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Koby

Here’s what Epic Games Store paid for those ‘free’ games

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If you’ve ever wondered what it actually costs when one of these big video game services are giving away “free” games, well, the bill for the Epic Games Store was $11.6 million for the first 10 months of its existence.

 

The information came to light on Monday as part of Epic Games’ lawsuit vs. Apple Computer. Writer and video game historian Simon Carless said a spreadsheet showing 38 titles, given away between December 2018 and September 2019, was “accidentally published early” as part of a trove of lawsuit documents and exhibits.

 

 

The giveaways released during that period reveal interesting data points about how much Epic Games paid for the privilege to hand out free games in an effort to lure in new users. The first game released as part of that promotional push, Subnautica, proved to be one of the store’s most popular, with 4.6 million entitlements, netting Epic more than 800,000 new accounts. Subnautica was also one of the most expensive buyouts for Epic at $1.4 million. That worked out to a cost of $1.74 per new Epic account, which would appear to be a solid return on Epic’s investment here.

 

Other games, like Super Meat Boy, Rime, For Honor, World of Goo, and the Jackbox Party Pack, earned Epic new users for about 50 cents each — in part because Epic paid far less (between $45,000 and $63,000) for those older titles than it paid for games like Subnautica, Mutant Year Zero ($1 million), or the Batman Arkham series ($1.5 million).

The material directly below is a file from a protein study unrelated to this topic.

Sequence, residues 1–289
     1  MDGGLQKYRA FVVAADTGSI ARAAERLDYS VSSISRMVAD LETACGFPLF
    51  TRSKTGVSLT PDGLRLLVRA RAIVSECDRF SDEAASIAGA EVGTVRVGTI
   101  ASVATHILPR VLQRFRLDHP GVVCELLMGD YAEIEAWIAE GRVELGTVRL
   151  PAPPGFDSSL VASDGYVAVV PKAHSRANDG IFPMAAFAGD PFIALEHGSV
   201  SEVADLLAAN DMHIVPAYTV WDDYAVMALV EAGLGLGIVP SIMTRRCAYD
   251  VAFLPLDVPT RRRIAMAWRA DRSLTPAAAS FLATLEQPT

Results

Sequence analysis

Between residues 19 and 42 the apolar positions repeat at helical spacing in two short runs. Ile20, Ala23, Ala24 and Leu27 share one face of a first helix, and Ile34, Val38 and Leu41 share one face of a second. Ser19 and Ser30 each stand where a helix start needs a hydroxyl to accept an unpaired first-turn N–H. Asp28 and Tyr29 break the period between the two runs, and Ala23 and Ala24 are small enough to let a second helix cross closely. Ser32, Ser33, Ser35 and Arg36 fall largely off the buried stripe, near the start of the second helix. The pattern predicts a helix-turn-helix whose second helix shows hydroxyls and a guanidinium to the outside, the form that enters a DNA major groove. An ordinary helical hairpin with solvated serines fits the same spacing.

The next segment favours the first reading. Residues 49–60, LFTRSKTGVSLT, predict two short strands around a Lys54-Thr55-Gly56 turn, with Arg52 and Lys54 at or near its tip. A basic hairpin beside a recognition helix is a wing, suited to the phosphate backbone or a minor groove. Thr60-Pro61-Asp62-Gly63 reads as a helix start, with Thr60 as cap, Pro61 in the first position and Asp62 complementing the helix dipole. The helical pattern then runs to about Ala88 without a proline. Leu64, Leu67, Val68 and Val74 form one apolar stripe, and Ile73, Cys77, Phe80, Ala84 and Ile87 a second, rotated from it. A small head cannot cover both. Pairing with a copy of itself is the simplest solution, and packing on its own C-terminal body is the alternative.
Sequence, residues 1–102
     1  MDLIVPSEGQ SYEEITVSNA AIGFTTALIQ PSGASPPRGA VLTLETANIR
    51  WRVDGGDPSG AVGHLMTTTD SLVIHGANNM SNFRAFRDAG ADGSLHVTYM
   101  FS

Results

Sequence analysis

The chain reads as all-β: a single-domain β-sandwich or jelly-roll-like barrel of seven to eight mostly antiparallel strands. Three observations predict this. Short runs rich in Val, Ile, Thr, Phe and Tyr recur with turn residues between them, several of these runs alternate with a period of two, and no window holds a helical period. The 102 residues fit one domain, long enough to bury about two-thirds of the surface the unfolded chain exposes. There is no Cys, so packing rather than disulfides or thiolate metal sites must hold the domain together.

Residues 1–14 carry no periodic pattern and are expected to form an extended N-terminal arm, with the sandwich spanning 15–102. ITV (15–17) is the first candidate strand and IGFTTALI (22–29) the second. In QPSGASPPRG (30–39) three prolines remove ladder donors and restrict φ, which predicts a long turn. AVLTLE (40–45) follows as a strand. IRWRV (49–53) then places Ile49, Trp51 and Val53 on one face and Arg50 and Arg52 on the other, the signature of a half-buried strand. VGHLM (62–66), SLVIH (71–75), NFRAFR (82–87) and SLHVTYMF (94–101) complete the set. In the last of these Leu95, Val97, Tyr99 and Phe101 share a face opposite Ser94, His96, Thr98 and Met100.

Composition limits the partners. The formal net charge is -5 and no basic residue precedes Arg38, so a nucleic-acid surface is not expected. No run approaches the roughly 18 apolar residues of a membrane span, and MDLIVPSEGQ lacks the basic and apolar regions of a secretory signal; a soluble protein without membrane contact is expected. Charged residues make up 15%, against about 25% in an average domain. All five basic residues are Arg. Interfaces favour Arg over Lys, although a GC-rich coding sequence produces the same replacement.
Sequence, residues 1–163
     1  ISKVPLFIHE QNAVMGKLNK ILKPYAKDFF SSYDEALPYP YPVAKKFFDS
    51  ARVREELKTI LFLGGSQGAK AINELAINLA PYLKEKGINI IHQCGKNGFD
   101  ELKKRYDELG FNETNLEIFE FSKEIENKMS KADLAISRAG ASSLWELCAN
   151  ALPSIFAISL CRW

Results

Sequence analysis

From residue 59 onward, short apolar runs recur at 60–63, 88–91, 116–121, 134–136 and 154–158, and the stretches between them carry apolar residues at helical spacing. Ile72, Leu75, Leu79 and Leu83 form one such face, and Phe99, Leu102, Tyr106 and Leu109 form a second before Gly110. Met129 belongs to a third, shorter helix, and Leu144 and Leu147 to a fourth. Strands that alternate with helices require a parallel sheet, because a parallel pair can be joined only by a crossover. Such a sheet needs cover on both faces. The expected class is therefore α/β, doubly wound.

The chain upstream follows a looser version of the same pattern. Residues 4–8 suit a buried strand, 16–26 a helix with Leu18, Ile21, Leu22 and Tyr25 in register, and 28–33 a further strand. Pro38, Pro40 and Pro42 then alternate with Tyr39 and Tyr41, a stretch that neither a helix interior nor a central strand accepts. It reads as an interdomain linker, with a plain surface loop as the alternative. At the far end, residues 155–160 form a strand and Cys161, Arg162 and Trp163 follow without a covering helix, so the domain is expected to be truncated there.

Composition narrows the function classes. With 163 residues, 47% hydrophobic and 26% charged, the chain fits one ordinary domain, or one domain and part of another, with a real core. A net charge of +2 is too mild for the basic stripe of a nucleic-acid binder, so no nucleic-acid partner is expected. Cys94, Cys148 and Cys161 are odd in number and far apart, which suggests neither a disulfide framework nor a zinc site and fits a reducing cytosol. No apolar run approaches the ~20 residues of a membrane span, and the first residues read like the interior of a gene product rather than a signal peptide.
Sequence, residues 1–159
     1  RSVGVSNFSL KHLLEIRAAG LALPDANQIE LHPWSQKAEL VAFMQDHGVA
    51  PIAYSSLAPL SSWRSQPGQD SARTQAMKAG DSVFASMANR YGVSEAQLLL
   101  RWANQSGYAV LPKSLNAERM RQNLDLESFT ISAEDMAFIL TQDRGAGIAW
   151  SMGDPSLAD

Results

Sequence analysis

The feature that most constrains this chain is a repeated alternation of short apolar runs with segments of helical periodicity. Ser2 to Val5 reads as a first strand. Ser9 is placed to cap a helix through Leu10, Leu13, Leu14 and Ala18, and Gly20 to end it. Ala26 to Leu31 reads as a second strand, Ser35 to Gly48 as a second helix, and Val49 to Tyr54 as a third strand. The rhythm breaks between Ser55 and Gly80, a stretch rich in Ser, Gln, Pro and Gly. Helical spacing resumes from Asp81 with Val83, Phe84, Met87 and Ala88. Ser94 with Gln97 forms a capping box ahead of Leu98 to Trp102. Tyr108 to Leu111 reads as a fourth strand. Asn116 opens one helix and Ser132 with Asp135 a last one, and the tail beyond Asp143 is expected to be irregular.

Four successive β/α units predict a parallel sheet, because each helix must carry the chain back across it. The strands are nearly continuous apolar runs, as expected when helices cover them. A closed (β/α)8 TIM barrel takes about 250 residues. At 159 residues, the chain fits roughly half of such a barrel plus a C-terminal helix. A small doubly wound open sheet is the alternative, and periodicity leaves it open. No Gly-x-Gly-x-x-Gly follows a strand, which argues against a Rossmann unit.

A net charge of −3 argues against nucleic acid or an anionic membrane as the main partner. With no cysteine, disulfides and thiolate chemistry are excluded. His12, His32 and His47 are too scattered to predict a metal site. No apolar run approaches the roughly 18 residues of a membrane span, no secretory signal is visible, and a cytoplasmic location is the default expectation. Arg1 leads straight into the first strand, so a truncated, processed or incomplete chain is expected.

Metro: 2033 Redux is listed as costing Epic zero dollars to buyout, but that apparent anomaly seems to be a result of Metro Exodus’ Epic Games Store one-year exclusivity in 2019.

 

More interesting than the amount of money Epic threw around for these freebies, though, is the "UA Cost" column (aka user acquisition), which is the buyout price divided by the number of new Epic Store accounts that each game attracted. That metric, indie developer Rami Ismail said on Twitter, demonstrates that indie games are a very big part of attracting audiences: Big releases like the Arkham games draw huge raw numbers, but games like Oxenfree, Hyper Light Drifter, Super Meat Boy, and Fez add up—and at a fraction of the cost, too.

 

In spite of all that expense and the number of users who have created accounts in exchange for free games, the actual impact of the regular givaways seems relatively minimal. The document indicates that only about 7% of EGS users who have acquired at least one free game have also made a purchase through the storefront, which does not strike me as a very impressive conversion rate.

 

The numbers only go to mid-2019, which mean the doc doesn't tell us how much Epic spent for some of 2020's high profile giveaways, like Grand Theft Auto 5, and whether Epic's UA costs started to climb noticeably over time. If the chief goal is to attract new users, diminishing returns means it's going to become increasingly difficult to do so—and, you'd have to think, too costly to continue doing so at some point. 

 

Regardless of how it decides to proceed with weekly giveaways in future years, there's still a long way to go before the Epic Games Store stops burning money: CEO Tim Sweeney acknowledged in April that the Epic Store isn't currently profitable because "it has front-loaded its marketing and user acquisition costs to gain market share." He doesn't expect it to start making money until 2027.

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